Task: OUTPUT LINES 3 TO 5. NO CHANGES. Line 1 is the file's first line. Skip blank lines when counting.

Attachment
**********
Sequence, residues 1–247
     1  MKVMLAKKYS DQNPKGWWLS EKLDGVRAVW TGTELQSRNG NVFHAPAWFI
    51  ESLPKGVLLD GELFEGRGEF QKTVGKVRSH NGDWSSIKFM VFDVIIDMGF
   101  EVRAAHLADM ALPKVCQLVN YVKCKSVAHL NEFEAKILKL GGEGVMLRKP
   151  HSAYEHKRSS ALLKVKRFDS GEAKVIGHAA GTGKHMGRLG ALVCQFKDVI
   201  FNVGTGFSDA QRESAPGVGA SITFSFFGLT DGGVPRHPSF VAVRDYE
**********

    51  ESLPKGVLLD GELFEGRGEF QKTVGKVRSH NGDWSSIKFM VFDVIIDMGF
   101  EVRAAHLADM ALPKVCQLVN YVKCKSVAHL NEFEAKILKL GGEGVMLRKP
   151  HSAYEHKRSS ALLKVKRFDS GEAKVIGHAA GTGKHMGRLG ALVCQFKDVI